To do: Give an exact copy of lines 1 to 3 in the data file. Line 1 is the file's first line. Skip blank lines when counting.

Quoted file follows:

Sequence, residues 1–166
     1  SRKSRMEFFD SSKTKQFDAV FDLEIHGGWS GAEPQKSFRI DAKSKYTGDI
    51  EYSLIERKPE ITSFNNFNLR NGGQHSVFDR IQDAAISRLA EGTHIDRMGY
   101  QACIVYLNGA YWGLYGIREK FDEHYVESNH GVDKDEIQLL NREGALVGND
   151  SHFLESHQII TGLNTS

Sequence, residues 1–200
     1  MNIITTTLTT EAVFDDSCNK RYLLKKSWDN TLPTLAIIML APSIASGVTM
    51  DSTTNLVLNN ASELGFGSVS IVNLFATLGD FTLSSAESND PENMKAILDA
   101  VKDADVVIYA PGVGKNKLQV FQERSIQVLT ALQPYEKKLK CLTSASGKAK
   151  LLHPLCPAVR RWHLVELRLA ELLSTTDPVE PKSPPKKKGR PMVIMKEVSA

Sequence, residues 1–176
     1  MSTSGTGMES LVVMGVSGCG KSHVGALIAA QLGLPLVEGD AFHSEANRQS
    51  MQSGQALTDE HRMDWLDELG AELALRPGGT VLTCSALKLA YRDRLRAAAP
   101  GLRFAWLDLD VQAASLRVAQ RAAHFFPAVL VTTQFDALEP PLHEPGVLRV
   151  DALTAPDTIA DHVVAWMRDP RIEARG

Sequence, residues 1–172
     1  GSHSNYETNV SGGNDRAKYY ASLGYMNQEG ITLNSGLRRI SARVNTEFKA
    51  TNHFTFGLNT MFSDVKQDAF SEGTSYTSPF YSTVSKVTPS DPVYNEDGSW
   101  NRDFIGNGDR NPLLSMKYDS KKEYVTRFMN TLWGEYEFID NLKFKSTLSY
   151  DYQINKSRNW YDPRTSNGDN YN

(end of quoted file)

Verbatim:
Sequence, residues 1–166
     1  SRKSRMEFFD SSKTKQFDAV FDLEIHGGWS GAEPQKSFRI DAKSKYTGDI
    51  EYSLIERKPE ITSFNNFNLR NGGQHSVFDR IQDAAISRLA EGTHIDRMGY